Bringing quality health care to rural South Dakota

Posted on September 15, 2017

Paula Jensen
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Imagine you live in a small community and your town’s only dentist wants to retire. The closest dental clinic will now be at least forty minutes away. It’s a problem many rural areas face—and it’s one of the reasons Horizon Health Care exists in South Dakota.

“We currently provide medical, dental and mental health care services to 31 clinics in 22 communities across South Dakota,” explains John Mengenhausen, CEO of Horizon Health Care. “Just like decent housing and good paying jobs, having access to medical and dental services is important, especially if that access is in danger of going away.”

In the case of Wessington Springs, Horizon Health Care was able to help the community’s longtime dentist transition into retirement by providing two full-time Horizon dentists to the area.

“It’s generally easier to work with an existing clinic that needs our help with staffing or services than to start a new clinic from scratch,” says Mengenhausen. “We have to be creative and flexible sometimes, but we work hard to help our medically underserved rural communities.”

Because of their similar missions and values, Horizon Health Care is a valuable partner to Dakota Resources. The organization was a major sponsor for RuralX17 and offers health care services to many of the Dakota Resources communities.

“We align ourselves with committed partners like Dakota Resources because it helps us all when we work together,” explains Christine Konechne, COO of Horizon Health Care. “RuralX is a place that fosters relationships between rural communities and economic development leaders. The more they connect with each other, the more they connect with us. That helps us all grow in the long run.”

When it comes to growth, Horizon Health Care added eleven new medical and dental services in small towns across rural South Dakota over the past two years, either merging with other health care centers or opening new clinics. Services are available based on a rigorous needs assessment, which is conducted by Horizon Health Care prior to working with a community.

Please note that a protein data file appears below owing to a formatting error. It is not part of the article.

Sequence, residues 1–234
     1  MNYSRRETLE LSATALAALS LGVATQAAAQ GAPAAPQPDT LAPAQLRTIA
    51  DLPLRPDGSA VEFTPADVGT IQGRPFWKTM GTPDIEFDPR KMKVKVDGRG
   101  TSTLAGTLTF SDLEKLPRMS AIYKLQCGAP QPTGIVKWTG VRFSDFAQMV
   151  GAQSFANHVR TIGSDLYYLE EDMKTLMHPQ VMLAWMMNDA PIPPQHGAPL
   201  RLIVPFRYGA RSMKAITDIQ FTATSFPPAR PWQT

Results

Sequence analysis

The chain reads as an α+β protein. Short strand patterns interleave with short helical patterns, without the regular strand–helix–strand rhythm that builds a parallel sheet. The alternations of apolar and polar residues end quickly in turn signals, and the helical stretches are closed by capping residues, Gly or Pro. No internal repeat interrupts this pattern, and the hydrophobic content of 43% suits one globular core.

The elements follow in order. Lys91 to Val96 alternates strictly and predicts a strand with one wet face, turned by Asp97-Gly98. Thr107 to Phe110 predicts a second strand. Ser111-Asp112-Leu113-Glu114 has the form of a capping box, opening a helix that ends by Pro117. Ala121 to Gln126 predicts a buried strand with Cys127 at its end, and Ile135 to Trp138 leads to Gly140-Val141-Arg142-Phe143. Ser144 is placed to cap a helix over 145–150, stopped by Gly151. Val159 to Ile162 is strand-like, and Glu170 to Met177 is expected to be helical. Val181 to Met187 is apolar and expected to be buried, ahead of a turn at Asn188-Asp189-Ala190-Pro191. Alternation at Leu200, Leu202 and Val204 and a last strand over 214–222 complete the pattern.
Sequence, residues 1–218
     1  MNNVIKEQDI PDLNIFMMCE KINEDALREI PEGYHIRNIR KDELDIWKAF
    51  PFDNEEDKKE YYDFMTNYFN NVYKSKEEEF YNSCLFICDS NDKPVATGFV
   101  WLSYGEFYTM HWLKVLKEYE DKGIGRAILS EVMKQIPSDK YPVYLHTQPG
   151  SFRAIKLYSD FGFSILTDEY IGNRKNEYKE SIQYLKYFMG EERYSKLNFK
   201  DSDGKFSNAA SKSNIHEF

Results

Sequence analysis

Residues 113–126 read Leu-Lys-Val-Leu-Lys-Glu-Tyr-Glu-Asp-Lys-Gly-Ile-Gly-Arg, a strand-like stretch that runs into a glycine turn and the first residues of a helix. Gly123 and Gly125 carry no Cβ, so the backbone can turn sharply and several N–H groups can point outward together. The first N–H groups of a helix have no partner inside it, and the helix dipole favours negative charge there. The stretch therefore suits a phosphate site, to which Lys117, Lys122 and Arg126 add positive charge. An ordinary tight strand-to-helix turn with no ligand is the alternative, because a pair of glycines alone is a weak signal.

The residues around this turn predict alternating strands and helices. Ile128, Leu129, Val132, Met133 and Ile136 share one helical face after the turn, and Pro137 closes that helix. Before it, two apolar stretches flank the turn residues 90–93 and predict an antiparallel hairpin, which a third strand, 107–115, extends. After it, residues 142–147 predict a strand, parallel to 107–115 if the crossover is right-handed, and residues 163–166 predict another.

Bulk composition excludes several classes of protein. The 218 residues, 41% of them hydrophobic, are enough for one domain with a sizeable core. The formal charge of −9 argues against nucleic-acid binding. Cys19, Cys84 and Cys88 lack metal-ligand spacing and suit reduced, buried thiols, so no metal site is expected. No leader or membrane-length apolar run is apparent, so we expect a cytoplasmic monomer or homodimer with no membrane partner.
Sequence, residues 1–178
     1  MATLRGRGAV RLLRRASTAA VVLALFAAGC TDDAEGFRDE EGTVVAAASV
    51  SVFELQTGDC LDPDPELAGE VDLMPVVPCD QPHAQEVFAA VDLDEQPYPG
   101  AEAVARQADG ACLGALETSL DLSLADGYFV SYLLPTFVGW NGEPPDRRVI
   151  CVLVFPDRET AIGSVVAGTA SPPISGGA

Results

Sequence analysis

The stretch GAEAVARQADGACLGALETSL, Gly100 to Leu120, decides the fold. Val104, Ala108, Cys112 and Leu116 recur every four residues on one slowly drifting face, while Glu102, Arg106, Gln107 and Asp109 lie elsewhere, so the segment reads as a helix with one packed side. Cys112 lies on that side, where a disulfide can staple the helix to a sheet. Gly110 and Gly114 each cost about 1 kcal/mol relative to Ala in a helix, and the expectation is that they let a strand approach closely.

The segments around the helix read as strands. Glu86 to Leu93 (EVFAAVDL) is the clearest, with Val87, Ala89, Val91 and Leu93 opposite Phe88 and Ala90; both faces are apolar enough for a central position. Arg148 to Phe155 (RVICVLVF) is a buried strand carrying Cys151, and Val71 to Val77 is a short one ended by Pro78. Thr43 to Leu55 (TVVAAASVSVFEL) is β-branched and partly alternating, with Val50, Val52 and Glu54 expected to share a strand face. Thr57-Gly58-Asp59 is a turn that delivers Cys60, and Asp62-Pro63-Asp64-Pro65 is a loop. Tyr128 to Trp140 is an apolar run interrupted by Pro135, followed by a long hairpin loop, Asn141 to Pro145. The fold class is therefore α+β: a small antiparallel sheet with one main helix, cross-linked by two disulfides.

“We are a Federally Qualified Health Center, which means we work at the federal level and utilize grant money to help medically underserved communities. However, federal funding is not what it used to be,” explains Mengenhausen. “Providing health care to rural communities is expensive. We’re dealing with run-down buildings. Most places aren’t handicap accessible. We have to think about distance and transportation services and all kinds of things that go beyond traditional medicine. This is why we started the Horizon Health Foundation. Gifts and endowments are used to sustain quality health care across rural South Dakota—100% of donations go to patients in need who cannot afford health care.”

Establishing a foundation is just one way Horizon Health Care strives to do more for the people they serve. The Horizon staff is encouraged to volunteer and give back to rural communities. They volunteer on boards and coach kids and take part in community activities. All fifteen board members use Horizon Health Care clinics.

“We understand rural. Our patients are people we know. We go above and beyond medicine to work with community members,” says Konechne. “This is probably how we’re most like Dakota Resources. We care about rural. Rural is at the heart of everything we do.”




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